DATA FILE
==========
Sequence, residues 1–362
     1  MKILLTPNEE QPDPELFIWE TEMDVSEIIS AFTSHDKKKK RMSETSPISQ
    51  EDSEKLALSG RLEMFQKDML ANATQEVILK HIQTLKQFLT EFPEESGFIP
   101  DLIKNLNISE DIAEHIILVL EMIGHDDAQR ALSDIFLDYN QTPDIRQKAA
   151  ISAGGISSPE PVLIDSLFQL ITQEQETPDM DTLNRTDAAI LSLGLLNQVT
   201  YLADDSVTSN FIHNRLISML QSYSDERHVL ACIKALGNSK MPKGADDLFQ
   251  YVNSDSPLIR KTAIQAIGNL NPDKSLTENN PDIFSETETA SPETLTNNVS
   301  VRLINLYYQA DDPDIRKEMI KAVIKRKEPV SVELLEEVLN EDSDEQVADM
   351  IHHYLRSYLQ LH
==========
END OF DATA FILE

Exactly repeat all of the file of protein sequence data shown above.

Sequence, residues 1–362
     1  MKILLTPNEE QPDPELFIWE TEMDVSEIIS AFTSHDKKKK RMSETSPISQ
    51  EDSEKLALSG RLEMFQKDML ANATQEVILK HIQTLKQFLT EFPEESGFIP
   101  DLIKNLNISE DIAEHIILVL EMIGHDDAQR ALSDIFLDYN QTPDIRQKAA
   151  ISAGGISSPE PVLIDSLFQL ITQEQETPDM DTLNRTDAAI LSLGLLNQVT
   201  YLADDSVTSN FIHNRLISML QSYSDERHVL ACIKALGNSK MPKGADDLFQ
   251  YVNSDSPLIR KTAIQAIGNL NPDKSLTENN PDIFSETETA SPETLTNNVS
   301  VRLINLYYQA DDPDIRKEMI KAVIKRKEPV SVELLEEVLN EDSDEQVADM
   351  IHHYLRSYLQ LH